|View from by the first trig point|
|Looking towards High Neb|
|Looking back along the Edge from High Neb|
|View to Ladybower from Stanage End|
Thursday, 12 April 2012
Does anyone else have the joy of discovering a new ingredient and seeing how it can change a dish you have been making for ages...
I suspect that like most people I will make soups / stews from left over potatoes, vegetables etc. Whatever happens to be stuck in the fridge before I go shopping. Bung it all in a big pan, add some water, stock, a few herbs, bring to the boil and then leave to simmer for a couple of hours.
Simple, easy to make, filling and a good way to use up those odds and ends. However, recently I was browsing the shelves of my local supermarket and I came across some pearl barley and the blurb on the packet said it could be used to thicken stews etc so I thought I would try it.
So, the next time I made a vegetable stew I added a couple of tablespoons of pearl barley and, lo and behold, the stew slowly thickened to a lovely consistency. Furthermore, when eaten the pearl barley had plumped up as it absorbed the water and gave a lovely change in texture as you ate the stew and bit into one of the pearls.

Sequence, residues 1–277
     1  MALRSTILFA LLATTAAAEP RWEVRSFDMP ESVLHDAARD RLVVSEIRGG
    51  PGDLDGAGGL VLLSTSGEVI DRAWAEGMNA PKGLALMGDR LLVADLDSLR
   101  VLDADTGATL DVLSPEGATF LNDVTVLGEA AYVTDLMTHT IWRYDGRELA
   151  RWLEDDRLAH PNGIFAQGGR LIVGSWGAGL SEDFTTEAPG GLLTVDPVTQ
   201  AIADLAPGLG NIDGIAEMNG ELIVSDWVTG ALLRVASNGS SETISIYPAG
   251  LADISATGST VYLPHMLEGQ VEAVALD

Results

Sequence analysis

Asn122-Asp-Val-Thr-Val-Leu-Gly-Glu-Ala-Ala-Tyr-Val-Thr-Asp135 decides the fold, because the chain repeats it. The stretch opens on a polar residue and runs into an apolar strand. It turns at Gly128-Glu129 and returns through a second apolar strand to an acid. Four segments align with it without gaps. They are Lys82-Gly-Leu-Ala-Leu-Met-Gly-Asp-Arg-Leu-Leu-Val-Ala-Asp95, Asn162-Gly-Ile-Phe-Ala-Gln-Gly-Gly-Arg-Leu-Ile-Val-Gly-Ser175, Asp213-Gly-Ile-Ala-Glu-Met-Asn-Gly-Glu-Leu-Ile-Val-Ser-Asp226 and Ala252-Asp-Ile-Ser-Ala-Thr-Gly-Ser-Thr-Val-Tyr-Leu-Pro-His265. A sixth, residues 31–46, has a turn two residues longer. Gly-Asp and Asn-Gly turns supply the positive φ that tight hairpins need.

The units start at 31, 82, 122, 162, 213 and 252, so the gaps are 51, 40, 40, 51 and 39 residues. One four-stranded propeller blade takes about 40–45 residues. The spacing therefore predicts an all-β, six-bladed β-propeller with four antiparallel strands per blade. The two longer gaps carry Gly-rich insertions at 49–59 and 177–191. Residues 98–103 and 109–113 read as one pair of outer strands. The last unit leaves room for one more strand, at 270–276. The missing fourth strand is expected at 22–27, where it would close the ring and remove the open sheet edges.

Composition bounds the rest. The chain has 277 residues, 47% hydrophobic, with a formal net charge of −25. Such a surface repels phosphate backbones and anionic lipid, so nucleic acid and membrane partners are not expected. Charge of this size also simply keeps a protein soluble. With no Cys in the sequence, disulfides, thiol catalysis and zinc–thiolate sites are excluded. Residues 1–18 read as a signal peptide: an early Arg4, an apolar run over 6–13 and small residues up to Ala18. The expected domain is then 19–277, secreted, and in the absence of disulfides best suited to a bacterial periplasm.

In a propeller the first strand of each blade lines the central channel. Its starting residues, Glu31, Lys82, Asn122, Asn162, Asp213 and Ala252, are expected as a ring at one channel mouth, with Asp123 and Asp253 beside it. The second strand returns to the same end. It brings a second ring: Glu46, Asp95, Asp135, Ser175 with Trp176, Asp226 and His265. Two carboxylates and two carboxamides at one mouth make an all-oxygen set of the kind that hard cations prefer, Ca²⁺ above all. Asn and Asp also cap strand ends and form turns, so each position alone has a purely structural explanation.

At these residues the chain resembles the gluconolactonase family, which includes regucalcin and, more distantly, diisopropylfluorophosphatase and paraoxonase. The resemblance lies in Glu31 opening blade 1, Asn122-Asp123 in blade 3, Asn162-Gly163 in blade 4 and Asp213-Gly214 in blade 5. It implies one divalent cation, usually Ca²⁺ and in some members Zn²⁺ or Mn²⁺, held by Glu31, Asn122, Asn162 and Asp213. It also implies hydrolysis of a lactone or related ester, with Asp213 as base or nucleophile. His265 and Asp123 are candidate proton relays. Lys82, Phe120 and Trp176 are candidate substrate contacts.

Definitely a good find and I will be using this more in the future.
Wednesday, 4 April 2012
...my take on a French classic. The croque-madame is one of many variants of the traditional croque-monsieur, a grilled ham and cheese sandwich (typically with a béchamel on top).
Now, my version isn’t exactly grilled...or a sandwich...I suppose if I was going to get cheffy about it I would call it a deconstructed croque-madame as I have taken the elements and put them together my way. Whatever you want to call it, it is also the most decadent and indulgent breakfast going!
The first thing to do it get a béchamel going. For this dish I keep it really simple. Large knob of butter and a tablespoon of flour to make a roux and while stirring slowly add milk until you get a thick but pourable sauce. Pinch of black pepper and the sauce is done. Keep it on a very low heat to keep it warm and give it an occasional stir while making the rest of the dish. Do keep an eye on the sauce though as you may well need to add a dash more milk at some point to save it thickening up too much (which is what happened to me with this one).
Next up is the toast. Take a couple of slices of thick white bread (possibly the only time I will recommend using a sliced white), cut the crusts off and butter it liberally on both sides. Get a hot frying pan and fry off the bread on both slides. It needs to be hot to get the bread nice and crispy. Remember “croque” comes from “croquer” - “to crunch” so it needs to be crispy!
Put the toast on a oven proof plate, put some sliced ham on top of the toast along with a little bit of grated cheese and then put this in the oven at 100C to keep it hot and start melting the cheese.
Back to the frying pan. Add a little vegetable oil and then fry a couple of eggs. If you like your yolks runny (and, frankly, is there any other way) fry them until they are just cooked.
Quickly get the plate out of the oven (turn the oven up to 200C at this point) and put the eggs on top of the cheese and ham. Then pour the béchamel over the top and put back in the oven for 5 minutes.
Out of the oven and serve. Pure indulgence on a breakfast plate.